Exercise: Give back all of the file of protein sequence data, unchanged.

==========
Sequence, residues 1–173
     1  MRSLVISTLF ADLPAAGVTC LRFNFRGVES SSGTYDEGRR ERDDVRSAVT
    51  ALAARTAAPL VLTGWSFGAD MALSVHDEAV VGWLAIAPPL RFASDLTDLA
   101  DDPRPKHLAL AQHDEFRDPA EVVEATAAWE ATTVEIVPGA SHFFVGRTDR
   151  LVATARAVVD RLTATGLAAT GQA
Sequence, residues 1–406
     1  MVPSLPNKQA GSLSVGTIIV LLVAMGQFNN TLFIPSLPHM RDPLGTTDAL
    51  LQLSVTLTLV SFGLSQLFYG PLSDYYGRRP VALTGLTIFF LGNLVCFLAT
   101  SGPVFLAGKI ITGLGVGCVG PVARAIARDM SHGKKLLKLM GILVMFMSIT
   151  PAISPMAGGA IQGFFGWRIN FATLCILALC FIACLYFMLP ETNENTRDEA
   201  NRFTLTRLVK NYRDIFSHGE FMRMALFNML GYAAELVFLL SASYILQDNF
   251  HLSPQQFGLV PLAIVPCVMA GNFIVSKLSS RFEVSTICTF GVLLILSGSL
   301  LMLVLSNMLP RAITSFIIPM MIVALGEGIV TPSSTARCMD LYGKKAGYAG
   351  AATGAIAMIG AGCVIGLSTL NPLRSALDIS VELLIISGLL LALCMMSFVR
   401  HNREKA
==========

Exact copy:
Sequence, residues 1–173
     1  MRSLVISTLF ADLPAAGVTC LRFNFRGVES SSGTYDEGRR ERDDVRSAVT
    51  ALAARTAAPL VLTGWSFGAD MALSVHDEAV VGWLAIAPPL RFASDLTDLA
   101  DDPRPKHLAL AQHDEFRDPA EVVEATAAWE ATTVEIVPGA SHFFVGRTDR
   151  LVATARAVVD RLTATGLAAT GQA
Sequence, residues 1–406
     1  MVPSLPNKQA GSLSVGTIIV LLVAMGQFNN TLFIPSLPHM RDPLGTTDAL
    51  LQLSVTLTLV SFGLSQLFYG PLSDYYGRRP VALTGLTIFF LGNLVCFLAT
   101  SGPVFLAGKI ITGLGVGCVG PVARAIARDM SHGKKLLKLM GILVMFMSIT
   151  PAISPMAGGA IQGFFGWRIN FATLCILALC FIACLYFMLP ETNENTRDEA
   201  NRFTLTRLVK NYRDIFSHGE FMRMALFNML GYAAELVFLL SASYILQDNF
   251  HLSPQQFGLV PLAIVPCVMA GNFIVSKLSS RFEVSTICTF GVLLILSGSL
   301  LMLVLSNMLP RAITSFIIPM MIVALGEGIV TPSSTARCMD LYGKKAGYAG
   351  AATGAIAMIG AGCVIGLSTL NPLRSALDIS VELLIISGLL LALCMMSFVR
   401  HNREKA